What Is a Pain Level Chart?
Some things are very hard to quantify. This holds true even in the health sciences. Pain is one of those elusive factors that evades easy numerical classification. Yet, it is one of the most important sources of data for doctors and other healthcare professionals. A pain level chart provides a useful solution to this quantification quandary. There are several aspects of it that doctors and patients can put to good use.
Where the Pain Level Chart Originated
In the mid-1980’s, a pediatric nurse consultant and a child life specialist saw the need to better understand how patients were feeling when it came to the amount of pain they were experiencing.1 The Wong-Baker FACES Pain Rating Scale was soon born. The fact that this was invented in a pediatric setting is not surprising, particularly because children often lack the complex vocabulary needed to describe their pain, especially when they are experiencing it.
How it Works: The Numbers
The pain level chart begins at 0 and ends at 10. If a patient says the pain is at a 0, that means he or she feels no pain. Correspondingly, a 10 indicates the patient is undergoing the worst possible pain. Five, in the middle, is moderate, and the patient reports their level of discomfort proportionately anywhere between 0 and 10.
How it Works: The Faces
Sometimes, for various reasons, a patient isn’t able to verbally express how much pain he or she is experiencing. The Wong-Baker scale, therefore, has a series of faces that allow a medical professional to look at the face of the patient and ascertain approximately how much pain he feels. The primary differentiating factor between each of the faces in the shape of the mouth. At 0, the mouth is in a full smile. As the pain gets worse, it goes to a neutral, flat look and then into a grimacing frown. The eyebrows and eyes likewise change as the pain intensifies, and at the highest levels of pain, 9-10, there are tears. The faces are grouped according to basic classifications as well. 1-2 is labeled “mild,” 3-6 is labeled “moderate,” and 7-10 is classified as “severe.” The faces are grouped accordingly as well.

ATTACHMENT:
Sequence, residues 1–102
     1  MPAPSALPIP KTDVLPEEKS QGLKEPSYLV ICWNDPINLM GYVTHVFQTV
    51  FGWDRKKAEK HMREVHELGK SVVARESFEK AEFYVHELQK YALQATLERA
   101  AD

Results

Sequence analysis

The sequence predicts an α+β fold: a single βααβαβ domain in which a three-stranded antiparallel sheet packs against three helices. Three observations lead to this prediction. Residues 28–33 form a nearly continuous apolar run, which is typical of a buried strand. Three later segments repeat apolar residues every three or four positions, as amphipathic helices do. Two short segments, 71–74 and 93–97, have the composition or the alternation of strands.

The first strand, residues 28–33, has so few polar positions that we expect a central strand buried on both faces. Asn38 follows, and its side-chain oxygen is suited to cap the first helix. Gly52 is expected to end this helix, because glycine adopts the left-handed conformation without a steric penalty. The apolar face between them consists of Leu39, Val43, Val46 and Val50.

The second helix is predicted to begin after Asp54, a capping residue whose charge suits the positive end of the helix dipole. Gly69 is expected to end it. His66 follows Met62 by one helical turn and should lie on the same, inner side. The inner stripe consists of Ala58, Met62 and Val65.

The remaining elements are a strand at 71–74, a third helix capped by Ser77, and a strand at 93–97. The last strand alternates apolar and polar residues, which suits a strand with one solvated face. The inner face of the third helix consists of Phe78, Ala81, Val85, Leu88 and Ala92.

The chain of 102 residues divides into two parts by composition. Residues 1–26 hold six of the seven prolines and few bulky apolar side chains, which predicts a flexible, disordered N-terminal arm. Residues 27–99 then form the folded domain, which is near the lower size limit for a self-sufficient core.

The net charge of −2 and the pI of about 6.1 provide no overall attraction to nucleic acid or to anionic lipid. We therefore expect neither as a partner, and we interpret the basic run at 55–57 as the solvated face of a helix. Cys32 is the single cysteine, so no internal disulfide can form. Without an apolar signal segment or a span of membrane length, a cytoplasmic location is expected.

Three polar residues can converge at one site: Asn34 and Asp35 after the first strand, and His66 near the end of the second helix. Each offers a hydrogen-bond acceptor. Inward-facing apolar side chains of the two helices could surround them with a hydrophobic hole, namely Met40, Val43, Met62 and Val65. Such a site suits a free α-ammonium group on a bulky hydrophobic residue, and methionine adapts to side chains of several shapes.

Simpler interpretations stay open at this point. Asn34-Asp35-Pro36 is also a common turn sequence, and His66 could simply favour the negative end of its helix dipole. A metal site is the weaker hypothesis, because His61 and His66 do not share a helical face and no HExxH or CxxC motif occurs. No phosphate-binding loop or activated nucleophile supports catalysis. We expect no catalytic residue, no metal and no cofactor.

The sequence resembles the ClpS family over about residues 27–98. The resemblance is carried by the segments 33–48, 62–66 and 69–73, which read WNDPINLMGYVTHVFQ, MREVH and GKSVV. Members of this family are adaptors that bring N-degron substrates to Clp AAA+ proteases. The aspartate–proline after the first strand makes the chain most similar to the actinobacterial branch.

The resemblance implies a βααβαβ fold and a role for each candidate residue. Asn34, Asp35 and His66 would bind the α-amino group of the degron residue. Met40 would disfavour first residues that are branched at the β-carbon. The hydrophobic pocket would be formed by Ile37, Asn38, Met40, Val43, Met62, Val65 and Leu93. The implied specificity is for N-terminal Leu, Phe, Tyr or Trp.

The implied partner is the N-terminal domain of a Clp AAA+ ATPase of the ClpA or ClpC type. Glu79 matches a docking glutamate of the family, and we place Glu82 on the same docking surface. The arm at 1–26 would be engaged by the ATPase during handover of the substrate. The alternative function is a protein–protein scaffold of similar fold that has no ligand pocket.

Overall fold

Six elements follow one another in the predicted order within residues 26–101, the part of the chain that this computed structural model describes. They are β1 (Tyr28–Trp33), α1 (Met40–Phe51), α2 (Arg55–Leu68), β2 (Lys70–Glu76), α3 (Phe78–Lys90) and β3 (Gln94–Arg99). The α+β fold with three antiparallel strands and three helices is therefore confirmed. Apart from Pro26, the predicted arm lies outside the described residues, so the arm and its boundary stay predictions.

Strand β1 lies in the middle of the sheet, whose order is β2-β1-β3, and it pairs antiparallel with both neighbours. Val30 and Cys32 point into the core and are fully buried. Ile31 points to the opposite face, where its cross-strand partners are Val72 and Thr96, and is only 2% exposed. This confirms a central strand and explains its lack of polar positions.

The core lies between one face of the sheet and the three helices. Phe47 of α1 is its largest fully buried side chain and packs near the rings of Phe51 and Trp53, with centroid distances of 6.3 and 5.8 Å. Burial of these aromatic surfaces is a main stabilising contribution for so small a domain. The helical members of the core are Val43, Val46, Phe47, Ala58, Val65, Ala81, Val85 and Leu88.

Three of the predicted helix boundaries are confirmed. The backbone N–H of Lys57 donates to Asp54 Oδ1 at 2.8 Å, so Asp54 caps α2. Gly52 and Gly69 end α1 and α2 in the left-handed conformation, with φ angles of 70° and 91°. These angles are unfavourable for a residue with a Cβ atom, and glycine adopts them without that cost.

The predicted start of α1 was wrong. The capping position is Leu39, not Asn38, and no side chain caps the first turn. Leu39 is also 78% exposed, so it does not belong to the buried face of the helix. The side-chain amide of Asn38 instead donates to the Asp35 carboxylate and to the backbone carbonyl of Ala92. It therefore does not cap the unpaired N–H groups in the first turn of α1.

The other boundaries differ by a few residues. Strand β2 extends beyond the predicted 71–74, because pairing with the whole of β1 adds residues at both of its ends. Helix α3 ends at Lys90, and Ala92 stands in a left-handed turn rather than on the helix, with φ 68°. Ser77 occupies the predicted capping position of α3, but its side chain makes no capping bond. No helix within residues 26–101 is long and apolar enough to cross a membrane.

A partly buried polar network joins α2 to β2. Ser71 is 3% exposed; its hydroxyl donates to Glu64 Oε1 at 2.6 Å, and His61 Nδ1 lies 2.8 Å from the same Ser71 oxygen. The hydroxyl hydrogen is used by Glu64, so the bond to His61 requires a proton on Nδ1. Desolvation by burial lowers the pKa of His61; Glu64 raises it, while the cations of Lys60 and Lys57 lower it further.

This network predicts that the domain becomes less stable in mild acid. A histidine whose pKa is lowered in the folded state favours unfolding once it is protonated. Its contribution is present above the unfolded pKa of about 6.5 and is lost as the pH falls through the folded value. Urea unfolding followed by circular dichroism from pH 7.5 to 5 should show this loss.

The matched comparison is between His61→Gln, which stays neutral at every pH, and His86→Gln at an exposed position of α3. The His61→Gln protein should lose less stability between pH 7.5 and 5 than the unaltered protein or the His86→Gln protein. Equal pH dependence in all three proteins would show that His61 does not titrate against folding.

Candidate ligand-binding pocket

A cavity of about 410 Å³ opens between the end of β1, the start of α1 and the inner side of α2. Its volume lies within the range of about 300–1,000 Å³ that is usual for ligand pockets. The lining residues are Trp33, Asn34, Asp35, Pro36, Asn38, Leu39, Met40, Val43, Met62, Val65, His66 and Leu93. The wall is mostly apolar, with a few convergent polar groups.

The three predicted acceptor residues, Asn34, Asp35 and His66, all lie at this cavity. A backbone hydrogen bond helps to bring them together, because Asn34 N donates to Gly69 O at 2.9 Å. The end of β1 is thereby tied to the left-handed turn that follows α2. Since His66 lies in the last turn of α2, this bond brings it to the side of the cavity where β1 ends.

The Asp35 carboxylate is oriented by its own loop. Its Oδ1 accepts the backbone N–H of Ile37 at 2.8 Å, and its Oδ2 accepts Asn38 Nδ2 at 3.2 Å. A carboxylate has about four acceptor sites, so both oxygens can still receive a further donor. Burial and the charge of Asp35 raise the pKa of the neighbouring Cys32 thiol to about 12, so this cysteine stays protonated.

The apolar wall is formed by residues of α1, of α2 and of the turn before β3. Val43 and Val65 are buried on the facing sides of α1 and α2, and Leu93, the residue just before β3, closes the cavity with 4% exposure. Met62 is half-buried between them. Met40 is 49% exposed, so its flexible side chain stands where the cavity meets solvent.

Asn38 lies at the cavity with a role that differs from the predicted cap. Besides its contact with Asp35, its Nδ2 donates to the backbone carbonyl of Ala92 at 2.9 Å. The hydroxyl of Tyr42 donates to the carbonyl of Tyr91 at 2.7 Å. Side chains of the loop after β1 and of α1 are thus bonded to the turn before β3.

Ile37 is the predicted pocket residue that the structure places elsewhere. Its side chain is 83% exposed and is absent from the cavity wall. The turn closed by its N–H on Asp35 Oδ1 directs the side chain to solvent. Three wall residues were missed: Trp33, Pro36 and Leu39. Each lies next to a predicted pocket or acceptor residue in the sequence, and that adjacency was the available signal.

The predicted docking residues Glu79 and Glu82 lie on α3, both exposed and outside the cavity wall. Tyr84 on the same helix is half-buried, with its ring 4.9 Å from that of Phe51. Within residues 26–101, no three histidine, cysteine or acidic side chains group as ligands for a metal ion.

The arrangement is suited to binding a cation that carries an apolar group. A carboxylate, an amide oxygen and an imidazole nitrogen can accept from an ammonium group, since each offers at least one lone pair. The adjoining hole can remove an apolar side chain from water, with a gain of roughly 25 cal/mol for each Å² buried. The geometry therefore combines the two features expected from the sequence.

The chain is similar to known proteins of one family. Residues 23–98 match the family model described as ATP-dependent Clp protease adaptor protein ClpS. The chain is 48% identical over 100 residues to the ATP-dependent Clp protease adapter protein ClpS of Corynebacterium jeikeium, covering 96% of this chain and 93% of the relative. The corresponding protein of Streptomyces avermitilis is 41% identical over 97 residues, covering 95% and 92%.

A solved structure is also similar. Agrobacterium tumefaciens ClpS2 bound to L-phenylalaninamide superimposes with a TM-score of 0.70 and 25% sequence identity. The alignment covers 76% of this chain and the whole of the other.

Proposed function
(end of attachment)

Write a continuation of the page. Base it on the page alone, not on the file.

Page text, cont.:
How it Works: Activity Tolerance Scale
Not only does the pain assessment tool use numerical cues provided verbally and facial expressions, it also has an activity tolerance scale.2 Even though the word choice changes from chart to chart, the basic levels go as follows: no pain→can be ignored→interferes with tasks→interferes with concentration→interferes with basic needs→bed rest required. This is useful because the level of pain can be diagnosed over the phone, through email, or through some other kind of communication that requires a third party.
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A pain level chart can also be useful in corroborating expressions of pain to verify their accuracy. Some people like to try to be “tough” when undergoing pain and will under-report.3 However, if what they say doesn’t line up with their facial expressions or their level of activity tolerance, this can be noted and appropriate steps can be taken. Regardless of how it is used, the pain level chart is a powerful tool in the quantification of something that was once unquantifiable.
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